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Bi chat shqip

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Ahmet, a 19-year-old man, says his father and brothers abused him after learning he is gay, and his mother told him, “I birthed you. I am married, so you will be married and have children.” Ahmet notes that in addition to safeguarding their families, Kosovars also do not want the social shame associated with having a gay relative: “You are known by your father’s name.So people are going to say, ‘The son of so-and-so is gay.’” Further complicating matters for LGBT individuals is Kosovo’s struggling economy.

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“(If) you have no income yourself, you stick with your family, because where can you go? “You do what they say.” Consequently, the vast majority of LGBT people do not talk about their identities with their families.Protection of LGBT individuals’ rights and efforts to encourage acceptance of their lifestyles have been mired amid family expectations, economic instability, government intransigence, and other realities of life in Kosovo.LGBT activism has begun to find its footing, but it faces uphill battles with the Kosovar public, law enforcement, and even the LGBT community itself.“It’s a culture of silence,” says Hans, a gay man from the Netherlands living in Prishtina.“When you don’t speak about an issue, it’s not an issue.” The family is not the only source of prejudice in the country.But things took a bad turn when local media learned of the club’s effort to attract new clientele.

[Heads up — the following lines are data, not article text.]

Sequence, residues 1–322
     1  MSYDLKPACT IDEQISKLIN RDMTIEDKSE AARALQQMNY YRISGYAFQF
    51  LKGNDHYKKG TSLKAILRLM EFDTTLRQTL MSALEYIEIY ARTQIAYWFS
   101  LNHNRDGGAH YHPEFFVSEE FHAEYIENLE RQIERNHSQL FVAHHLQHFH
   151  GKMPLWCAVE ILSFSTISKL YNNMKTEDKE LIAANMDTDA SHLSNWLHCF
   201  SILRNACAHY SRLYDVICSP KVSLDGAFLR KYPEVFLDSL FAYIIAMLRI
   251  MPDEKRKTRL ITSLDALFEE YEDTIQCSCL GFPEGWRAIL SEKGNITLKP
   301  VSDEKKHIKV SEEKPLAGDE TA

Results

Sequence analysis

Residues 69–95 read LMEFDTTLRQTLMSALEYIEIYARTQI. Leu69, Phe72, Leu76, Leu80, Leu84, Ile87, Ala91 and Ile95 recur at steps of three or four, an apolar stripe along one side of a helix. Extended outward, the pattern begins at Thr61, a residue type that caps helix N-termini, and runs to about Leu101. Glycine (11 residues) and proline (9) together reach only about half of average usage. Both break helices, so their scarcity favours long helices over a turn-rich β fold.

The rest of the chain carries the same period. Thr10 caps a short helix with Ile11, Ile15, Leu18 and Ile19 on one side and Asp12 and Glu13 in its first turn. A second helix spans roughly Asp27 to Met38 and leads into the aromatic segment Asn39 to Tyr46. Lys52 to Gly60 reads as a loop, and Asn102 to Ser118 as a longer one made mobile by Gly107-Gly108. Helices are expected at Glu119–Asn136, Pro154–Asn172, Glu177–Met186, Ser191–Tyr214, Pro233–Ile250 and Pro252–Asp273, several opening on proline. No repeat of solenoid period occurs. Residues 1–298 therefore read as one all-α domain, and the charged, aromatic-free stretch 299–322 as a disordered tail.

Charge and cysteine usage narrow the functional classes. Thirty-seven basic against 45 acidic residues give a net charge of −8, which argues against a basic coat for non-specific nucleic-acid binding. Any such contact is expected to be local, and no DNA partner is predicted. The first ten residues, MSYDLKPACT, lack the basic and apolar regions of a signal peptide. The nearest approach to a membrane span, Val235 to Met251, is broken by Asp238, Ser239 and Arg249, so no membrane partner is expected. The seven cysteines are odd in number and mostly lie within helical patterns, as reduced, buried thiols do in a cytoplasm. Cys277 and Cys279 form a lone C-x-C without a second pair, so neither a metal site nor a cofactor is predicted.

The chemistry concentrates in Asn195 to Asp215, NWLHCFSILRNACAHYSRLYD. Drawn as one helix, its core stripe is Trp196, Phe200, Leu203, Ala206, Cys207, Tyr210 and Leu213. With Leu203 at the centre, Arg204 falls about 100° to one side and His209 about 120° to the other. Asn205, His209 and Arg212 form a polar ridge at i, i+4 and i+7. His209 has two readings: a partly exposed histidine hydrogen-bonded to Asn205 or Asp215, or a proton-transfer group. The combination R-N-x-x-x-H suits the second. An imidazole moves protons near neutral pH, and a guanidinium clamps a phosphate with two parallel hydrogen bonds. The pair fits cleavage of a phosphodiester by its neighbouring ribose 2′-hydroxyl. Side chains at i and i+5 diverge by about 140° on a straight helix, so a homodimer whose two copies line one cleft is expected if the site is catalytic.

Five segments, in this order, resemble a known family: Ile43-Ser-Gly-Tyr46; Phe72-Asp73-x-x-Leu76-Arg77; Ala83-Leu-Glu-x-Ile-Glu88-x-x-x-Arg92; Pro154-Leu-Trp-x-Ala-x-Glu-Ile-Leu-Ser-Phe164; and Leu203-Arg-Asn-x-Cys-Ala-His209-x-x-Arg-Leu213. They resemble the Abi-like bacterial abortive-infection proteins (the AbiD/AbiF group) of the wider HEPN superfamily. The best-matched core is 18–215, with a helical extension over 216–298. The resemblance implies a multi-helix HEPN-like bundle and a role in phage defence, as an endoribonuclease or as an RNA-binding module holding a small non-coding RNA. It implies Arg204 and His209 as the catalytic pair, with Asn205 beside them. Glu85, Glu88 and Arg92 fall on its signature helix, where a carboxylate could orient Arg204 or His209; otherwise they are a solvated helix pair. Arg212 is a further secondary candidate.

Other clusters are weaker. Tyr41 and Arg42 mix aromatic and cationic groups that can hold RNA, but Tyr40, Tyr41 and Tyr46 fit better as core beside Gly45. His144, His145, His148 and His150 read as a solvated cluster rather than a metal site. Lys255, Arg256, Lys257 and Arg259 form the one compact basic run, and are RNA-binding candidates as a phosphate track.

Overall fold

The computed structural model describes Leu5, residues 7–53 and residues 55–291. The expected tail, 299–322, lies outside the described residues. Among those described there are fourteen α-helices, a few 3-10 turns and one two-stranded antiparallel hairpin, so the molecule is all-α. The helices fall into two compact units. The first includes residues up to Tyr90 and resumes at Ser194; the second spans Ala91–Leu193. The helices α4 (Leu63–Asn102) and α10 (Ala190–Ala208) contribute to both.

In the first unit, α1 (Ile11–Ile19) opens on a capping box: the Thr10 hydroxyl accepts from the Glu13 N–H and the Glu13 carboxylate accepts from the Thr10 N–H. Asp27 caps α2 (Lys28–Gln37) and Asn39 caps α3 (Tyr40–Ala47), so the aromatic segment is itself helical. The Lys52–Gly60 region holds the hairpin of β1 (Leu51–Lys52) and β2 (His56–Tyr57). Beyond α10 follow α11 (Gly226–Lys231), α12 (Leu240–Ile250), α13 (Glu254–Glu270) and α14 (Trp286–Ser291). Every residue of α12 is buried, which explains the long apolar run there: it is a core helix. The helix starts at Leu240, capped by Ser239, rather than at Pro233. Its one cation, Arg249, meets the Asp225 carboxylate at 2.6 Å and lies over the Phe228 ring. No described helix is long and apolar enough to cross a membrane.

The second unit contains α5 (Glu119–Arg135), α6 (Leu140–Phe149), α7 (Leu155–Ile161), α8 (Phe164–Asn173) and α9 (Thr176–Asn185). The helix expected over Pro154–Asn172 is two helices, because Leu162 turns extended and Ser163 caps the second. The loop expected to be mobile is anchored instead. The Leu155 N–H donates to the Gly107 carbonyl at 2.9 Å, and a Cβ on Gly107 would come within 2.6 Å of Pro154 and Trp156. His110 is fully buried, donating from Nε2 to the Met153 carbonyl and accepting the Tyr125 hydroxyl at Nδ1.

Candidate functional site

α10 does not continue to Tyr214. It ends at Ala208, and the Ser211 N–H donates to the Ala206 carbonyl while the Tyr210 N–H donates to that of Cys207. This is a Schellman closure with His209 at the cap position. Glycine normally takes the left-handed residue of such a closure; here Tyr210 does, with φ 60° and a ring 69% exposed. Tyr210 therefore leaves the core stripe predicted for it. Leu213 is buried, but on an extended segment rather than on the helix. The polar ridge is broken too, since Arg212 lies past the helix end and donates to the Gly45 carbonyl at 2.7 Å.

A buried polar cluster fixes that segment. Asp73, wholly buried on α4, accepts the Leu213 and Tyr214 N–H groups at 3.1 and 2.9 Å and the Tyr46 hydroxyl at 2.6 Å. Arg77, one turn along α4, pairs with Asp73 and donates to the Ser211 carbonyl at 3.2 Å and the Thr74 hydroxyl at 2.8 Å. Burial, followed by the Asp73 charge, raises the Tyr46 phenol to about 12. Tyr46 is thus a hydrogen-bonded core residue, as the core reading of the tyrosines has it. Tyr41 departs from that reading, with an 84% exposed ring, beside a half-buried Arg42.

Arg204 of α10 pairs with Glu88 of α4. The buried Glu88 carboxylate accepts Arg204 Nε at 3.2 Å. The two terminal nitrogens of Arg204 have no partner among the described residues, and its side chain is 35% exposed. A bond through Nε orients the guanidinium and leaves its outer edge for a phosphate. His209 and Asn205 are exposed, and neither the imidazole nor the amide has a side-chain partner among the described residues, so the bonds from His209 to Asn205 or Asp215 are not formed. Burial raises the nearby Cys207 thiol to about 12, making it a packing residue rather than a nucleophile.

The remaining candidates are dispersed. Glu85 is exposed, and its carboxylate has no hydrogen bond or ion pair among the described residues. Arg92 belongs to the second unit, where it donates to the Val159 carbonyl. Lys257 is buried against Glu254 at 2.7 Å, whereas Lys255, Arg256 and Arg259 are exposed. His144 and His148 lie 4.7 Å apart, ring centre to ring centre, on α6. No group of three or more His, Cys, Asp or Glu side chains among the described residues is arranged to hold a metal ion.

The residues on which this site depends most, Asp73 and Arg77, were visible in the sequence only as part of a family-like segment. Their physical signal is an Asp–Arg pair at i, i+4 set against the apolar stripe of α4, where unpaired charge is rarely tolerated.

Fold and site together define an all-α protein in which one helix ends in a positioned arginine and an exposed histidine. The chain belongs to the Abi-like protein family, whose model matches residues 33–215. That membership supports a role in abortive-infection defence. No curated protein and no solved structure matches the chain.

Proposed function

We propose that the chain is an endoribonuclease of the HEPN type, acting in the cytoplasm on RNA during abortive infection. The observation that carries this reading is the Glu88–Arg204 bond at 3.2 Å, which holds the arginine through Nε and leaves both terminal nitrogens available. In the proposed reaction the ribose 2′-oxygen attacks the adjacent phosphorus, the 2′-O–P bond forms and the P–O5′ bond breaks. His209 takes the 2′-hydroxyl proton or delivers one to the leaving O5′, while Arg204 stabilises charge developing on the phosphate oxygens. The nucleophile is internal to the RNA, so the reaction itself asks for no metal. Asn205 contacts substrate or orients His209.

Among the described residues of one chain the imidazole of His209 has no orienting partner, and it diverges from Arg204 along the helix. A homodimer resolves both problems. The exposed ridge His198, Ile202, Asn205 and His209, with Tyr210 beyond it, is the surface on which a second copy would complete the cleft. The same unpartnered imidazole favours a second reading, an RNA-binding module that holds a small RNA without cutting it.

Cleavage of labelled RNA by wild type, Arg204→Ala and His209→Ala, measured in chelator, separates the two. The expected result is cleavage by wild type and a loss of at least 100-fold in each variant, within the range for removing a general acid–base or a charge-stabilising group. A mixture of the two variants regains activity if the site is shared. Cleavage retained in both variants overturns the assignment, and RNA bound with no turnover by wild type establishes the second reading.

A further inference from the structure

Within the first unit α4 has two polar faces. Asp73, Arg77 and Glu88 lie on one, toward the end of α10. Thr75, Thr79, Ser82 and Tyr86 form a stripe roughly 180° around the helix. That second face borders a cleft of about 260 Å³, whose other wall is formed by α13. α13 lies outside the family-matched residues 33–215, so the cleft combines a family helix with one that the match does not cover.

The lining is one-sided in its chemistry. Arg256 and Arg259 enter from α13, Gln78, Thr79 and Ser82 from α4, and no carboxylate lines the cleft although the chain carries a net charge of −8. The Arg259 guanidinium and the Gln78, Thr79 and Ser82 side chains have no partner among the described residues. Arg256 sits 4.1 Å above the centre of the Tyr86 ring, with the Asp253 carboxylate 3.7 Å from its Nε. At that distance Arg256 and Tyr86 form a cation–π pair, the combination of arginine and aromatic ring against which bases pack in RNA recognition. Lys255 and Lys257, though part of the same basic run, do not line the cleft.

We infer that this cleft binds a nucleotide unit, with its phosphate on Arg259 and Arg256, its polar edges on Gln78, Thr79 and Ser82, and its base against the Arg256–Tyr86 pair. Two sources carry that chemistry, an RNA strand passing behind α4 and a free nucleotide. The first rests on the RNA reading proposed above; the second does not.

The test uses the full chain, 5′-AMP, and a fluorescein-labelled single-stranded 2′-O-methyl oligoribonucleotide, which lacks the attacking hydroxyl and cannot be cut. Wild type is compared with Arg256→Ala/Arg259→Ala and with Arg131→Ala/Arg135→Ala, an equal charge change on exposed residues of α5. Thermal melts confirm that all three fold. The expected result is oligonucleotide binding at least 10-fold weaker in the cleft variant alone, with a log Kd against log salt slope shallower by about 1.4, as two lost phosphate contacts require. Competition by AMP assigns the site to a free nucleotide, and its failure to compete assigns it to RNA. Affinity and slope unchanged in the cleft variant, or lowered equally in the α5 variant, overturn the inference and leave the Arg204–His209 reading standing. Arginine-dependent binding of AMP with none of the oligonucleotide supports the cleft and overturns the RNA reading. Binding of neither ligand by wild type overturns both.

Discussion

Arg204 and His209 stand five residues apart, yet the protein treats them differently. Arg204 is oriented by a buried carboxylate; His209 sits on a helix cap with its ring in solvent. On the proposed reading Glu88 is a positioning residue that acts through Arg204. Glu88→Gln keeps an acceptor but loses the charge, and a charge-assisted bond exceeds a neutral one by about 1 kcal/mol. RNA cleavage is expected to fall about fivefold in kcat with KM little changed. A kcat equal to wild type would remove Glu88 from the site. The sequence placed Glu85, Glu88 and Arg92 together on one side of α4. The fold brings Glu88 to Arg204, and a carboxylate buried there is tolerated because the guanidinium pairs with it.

The online outlet Lajme Shqip sent a photographer to Pure Pure to cover the story, upsetting organizers and attracting dangerous attention.

“The post-conflict context valorizes men as warriors and women as mothers,” explains Nita Luci, an anthropologist and professor at American University of Kosovo.

The individual, in many ways, is less important than the unit. “Your family wants you to grow up and create a family and produce — keep the family growing.” Stories circulate throughout the LGBT community of people, once their identities are known, being thrown out of their homes, beaten or verbally harassed by relatives, or forced to marry members of the opposite sex.

“My family found out both that I’m gay and that I initiated the party. After that, I was beaten at home,” the employee says. “How would you feel if you were alone in a park and you were surrounded by 500 foxes?

That’s how I felt.” Such is life for members of the LGBT community in Kosovo.

“I knew there was something I shouldn’t say,” she recalls. Now in his early 30s, Fejzaj, who agreed to let his real name be used in this article, grew up in a village in eastern Kosovo.